Search the internet on any given day and you’ll find free training programs that promise to “add mass fast” and “pack on pounds.” Some of these strength training programs may contain effective programming but be wary because others can actually send you down a wrong path towards poor results. It’s worthwhile for everyone to know what to look for in a size training program. Look out for these three programming red flags to avoid wasting time and start making big gains.

1. The Program Doesn’t Have Enough Volume

The kind of volume I’m talking about refers to how many sets you perform of a given exercise before moving on to the next exercise. Within a hypertrophy program, rest intervals should be kept on the lower end, and you should be doing plenty of sets to make sure your muscles get properly fatigued.  Three or four sets of 8-10 reps won’t cut it for your gains.

Also, don’t use hitting “failure” as your indicator for completely killing it in an exercise. A better idea is to train shy of failure and squeeze in more sets with intermittent rest periods. The cumulative volume will result in you having done much more work. That’s why systems like 8×8 training and German Volume Training (GVT) are so effective.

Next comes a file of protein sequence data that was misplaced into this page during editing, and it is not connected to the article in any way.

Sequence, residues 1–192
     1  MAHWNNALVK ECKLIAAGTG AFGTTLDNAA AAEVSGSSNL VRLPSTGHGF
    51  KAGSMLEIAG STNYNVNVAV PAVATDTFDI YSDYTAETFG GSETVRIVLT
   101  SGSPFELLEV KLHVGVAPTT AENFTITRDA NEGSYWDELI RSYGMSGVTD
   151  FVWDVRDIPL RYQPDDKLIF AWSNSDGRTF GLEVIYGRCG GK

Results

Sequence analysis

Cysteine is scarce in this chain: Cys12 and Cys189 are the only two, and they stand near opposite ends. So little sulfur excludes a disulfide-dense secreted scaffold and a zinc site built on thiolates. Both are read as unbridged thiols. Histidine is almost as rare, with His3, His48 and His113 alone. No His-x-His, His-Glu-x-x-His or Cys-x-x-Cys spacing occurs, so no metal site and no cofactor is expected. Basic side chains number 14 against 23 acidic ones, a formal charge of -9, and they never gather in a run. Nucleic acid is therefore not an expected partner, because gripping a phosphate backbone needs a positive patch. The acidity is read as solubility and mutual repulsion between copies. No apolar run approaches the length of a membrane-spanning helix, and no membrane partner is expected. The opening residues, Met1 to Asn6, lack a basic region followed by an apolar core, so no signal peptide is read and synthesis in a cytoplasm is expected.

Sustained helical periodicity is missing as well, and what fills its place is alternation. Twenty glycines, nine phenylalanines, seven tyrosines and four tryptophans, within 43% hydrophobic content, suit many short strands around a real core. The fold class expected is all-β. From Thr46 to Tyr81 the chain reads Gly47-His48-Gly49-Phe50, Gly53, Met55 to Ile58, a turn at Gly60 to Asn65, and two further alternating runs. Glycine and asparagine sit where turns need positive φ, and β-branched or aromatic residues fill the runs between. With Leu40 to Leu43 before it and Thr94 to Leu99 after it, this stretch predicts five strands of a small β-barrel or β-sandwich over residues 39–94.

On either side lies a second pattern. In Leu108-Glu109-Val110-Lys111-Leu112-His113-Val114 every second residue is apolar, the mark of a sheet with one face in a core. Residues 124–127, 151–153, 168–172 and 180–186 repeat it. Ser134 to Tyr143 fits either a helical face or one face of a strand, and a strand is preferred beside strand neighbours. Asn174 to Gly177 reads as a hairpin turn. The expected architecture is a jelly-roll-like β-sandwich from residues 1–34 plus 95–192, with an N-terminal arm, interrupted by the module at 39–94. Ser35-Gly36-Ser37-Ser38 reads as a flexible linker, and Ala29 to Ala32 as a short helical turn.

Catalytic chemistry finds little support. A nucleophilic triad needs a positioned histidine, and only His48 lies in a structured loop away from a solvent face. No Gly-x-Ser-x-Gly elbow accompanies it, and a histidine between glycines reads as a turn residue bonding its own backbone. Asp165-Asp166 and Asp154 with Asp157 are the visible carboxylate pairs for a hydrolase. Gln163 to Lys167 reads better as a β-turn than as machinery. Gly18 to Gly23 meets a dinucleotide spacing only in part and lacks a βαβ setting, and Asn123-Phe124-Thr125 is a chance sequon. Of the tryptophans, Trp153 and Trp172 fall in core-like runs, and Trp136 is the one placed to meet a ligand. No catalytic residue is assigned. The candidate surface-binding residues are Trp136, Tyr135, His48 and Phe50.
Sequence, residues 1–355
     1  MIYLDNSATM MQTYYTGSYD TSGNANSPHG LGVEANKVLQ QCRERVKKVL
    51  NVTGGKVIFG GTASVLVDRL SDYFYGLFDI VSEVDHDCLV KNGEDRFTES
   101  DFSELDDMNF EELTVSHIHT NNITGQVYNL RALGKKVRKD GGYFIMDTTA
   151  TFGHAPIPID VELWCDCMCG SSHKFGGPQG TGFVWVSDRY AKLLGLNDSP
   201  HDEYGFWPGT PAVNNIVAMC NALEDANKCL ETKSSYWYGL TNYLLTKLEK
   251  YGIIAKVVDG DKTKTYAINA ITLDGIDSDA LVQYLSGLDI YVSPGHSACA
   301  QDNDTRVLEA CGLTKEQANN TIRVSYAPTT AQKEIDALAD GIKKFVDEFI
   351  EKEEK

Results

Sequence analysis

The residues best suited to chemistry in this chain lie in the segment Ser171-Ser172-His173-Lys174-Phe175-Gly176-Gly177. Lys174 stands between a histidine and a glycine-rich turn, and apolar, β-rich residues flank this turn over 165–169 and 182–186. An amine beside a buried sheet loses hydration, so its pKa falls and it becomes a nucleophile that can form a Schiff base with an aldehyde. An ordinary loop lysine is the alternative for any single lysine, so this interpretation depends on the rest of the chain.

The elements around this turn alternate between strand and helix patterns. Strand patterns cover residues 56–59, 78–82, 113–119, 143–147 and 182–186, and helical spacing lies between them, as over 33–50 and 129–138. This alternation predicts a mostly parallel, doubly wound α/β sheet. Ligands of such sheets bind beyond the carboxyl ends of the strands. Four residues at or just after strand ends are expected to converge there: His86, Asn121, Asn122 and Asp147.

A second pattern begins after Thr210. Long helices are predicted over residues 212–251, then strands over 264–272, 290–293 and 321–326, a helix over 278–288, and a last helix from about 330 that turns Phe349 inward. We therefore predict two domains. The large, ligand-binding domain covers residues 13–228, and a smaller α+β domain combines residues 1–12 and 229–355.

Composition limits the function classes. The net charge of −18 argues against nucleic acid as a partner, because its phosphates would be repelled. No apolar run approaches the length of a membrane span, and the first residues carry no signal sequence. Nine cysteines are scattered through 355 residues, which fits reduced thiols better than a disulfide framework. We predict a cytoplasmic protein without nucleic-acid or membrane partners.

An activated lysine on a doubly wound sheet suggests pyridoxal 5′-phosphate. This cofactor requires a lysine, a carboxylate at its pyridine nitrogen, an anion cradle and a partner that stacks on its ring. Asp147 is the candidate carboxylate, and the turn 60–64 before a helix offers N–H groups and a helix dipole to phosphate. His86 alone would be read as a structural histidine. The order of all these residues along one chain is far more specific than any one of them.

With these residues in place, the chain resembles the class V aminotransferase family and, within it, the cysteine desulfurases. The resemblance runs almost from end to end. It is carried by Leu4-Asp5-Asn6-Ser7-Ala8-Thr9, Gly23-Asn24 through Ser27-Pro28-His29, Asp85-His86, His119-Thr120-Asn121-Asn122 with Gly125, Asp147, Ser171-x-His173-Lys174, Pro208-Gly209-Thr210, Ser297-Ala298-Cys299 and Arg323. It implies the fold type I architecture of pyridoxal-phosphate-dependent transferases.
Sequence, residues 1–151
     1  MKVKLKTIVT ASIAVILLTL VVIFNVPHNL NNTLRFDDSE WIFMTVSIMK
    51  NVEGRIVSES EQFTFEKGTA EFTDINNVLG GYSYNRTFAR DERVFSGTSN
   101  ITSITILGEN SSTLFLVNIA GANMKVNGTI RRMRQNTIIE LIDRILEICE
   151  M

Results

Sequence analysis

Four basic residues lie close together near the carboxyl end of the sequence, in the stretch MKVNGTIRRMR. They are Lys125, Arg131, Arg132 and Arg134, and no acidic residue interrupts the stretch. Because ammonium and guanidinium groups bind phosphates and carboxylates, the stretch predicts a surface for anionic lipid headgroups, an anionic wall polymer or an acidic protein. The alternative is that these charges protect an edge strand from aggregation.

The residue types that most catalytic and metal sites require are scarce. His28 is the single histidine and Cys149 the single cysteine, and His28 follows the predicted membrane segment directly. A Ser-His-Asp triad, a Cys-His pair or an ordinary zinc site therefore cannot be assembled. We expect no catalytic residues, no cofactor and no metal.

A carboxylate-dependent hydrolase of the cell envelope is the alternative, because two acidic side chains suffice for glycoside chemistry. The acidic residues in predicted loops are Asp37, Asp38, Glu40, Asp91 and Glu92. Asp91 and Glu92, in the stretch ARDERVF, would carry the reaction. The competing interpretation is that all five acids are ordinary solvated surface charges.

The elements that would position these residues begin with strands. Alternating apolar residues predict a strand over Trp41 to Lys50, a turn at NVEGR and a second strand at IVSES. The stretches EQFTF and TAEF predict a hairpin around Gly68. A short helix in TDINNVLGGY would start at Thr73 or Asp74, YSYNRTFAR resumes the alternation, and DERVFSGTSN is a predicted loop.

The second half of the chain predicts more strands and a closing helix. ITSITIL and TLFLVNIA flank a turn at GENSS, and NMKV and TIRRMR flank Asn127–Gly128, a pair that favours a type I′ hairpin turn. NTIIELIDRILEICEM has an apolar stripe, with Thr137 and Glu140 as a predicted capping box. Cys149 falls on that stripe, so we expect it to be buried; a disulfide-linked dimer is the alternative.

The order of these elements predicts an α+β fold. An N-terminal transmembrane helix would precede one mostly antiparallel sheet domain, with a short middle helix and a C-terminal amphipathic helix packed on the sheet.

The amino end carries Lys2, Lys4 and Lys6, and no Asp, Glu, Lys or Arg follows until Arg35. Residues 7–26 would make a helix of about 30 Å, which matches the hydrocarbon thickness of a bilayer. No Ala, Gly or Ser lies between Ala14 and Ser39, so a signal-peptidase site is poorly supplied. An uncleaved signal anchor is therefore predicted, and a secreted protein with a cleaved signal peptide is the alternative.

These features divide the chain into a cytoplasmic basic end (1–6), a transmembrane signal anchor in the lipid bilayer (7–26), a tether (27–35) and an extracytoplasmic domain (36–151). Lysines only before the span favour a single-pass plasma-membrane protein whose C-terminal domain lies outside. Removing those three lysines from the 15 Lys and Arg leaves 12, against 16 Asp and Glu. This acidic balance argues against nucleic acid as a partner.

2. The Program Uses Too Many Exercises

You’re not going to optimize your hypertrophy if you’re doing total body workouts. If you want to build your body, you’re going to have to train like a bodybuilder. While there are plenty of total body training methods that can add size and strength gains, if you’re after a straight bulk, nothing will replace standard isolation training methods to slap size on.

Minus a few modifications to muscle group pairings (some like back and biceps, others like back and quads, for example), good trainees know that in order to have no sacrifice to lifting volume, you have to isolate to increase the cross sectional area of specific muscles. 

3. You’re Lifting Too Heavy

While there are a number of similarities between strength training and size training, there are also a number of differences. Training with heavy weights can actually act as a blocker to sarcoplasmic hypertrophy (or the increase in voluminous muscle size) that people looking to get big are often seeking. Lifting heavy can definitely put on muscle, but as mentioned before, systems like GVT and 8×8’s work so well because of the rate of perceived exertion and levels of fatigue the body and muscles go through when doing them. The rest intervals are low, and the muscles get so fatigued that light weight begins to feel heavy.

Training methods like ladders, dropsets, rest pause, and tempo training are great ways to fatigue muscles without heavy weight. Also lifting too heavy, too often can exhaust the central nervous system which is bad news if you want any size gains at all. Find a proper balance such as alternating a high volume week with a heavy week so that neither property gets compromised.